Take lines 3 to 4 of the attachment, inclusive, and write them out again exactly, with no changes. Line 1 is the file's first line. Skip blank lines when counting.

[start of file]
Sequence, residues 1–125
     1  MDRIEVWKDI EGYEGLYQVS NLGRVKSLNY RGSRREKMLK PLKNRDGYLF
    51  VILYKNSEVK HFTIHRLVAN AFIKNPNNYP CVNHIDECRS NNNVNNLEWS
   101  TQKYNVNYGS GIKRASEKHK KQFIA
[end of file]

    51  VILYKNSEVK HFTIHRLVAN AFIKNPNNYP CVNHIDECRS NNNVNNLEWS
   101  TQKYNVNYGS GIKRASEKHK KQFIA